First consideration was where was Ivy going to go? As I’ve said previously, we’ve been so lucky with offers from family and friends and I know that finding a babysitter will never be an issue. Location and availability meant that Mum (aka Nana Jen) was the perfect babysitter – Mum has told me over and over again that she is at our beck and call and will be available 24/7 during my whole treatment… Something I could easily take advantage of haha. Just before we left the house, I breastfed Ivy for the last time. Breastfeeding has been hard but once I got into the routine and over the pain (oh God, the pain), it was a real bonding experience and I’m so glad I got the chance to do it. It was sad that I had to stop, and I found it harder than I thought I would, but hey ho, can’t do much about it.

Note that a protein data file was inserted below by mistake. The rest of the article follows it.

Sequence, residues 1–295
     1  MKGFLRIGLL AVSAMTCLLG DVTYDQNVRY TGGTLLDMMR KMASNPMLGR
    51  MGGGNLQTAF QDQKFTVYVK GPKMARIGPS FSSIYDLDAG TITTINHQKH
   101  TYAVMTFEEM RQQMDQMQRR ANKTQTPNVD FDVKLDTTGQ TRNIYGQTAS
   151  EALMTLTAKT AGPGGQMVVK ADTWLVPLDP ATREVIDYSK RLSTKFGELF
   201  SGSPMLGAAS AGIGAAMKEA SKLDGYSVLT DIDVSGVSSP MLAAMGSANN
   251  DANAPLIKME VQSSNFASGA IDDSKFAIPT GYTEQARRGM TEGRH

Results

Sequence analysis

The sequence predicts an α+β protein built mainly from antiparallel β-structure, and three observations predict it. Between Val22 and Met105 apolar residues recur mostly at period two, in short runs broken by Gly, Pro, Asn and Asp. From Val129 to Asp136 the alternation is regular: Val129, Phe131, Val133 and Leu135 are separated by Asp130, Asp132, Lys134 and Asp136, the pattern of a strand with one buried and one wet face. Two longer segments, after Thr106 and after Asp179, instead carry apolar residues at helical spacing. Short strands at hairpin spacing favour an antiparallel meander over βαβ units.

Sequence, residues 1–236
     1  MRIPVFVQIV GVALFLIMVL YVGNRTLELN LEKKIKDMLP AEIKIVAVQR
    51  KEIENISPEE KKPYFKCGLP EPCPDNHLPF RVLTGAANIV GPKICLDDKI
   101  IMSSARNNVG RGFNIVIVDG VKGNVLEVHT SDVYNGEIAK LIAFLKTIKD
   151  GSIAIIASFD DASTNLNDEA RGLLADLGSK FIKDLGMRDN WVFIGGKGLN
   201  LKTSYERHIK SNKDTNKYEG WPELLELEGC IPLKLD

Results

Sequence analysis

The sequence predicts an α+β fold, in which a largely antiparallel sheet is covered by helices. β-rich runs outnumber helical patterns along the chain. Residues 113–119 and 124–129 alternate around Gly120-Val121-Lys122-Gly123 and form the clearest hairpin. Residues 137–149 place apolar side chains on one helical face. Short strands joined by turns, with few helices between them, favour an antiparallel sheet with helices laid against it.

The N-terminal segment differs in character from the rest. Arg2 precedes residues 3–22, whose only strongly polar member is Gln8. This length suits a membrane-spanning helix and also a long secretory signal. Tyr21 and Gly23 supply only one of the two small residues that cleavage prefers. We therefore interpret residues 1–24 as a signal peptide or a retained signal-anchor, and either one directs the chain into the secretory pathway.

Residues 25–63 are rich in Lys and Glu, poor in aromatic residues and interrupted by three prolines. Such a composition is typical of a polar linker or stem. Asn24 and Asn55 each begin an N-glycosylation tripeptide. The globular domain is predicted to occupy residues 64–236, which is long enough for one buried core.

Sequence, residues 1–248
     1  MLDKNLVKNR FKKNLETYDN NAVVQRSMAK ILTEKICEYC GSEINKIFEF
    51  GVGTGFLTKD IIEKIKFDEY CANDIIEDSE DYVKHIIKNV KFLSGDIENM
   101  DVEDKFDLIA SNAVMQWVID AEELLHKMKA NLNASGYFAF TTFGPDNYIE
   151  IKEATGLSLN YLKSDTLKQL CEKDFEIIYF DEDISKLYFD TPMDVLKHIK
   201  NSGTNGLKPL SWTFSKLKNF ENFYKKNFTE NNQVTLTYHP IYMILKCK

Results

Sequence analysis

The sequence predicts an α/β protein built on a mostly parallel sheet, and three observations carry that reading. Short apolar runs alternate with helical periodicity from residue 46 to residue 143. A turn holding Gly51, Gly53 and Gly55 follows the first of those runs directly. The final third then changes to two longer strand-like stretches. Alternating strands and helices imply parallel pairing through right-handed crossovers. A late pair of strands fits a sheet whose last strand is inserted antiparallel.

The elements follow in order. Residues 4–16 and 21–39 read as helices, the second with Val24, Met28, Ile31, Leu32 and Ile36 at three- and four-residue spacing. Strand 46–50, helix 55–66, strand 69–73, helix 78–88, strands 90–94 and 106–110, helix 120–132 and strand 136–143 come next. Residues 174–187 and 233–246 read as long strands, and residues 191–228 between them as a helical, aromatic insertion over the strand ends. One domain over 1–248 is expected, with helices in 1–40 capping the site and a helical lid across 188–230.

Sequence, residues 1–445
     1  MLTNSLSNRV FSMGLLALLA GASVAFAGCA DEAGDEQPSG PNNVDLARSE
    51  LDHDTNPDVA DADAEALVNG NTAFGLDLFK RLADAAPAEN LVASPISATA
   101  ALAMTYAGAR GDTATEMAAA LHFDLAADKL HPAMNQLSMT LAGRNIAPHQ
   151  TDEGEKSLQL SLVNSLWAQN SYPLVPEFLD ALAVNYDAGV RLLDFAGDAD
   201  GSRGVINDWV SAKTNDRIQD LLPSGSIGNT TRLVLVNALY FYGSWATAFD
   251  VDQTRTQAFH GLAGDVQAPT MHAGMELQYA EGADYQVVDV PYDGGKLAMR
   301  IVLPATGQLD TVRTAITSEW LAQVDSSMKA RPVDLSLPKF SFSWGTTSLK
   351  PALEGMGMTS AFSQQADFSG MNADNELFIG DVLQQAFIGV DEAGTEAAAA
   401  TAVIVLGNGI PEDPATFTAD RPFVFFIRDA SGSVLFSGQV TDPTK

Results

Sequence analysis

The last feed 😢

 

I did express like a cow before I had to stop, thinking I’d be able to keep Ivy going on breast milk for ages… I got that wrong. I think I managed to get enough extra to offer her another week, tops! Credit to all those Mums out there who breastfeed and express, it’s bloody hard work! I remember my best mate Hannah explaining this just before my hen do to Amsterdam a year and a half ago (she was exclusively breastfeeding at the time and was expressing to cover Flynn’s feeds over the long weekend), and I never quite understood how hard that was until I had to do it myself! Hats off to you Han, that was some going!!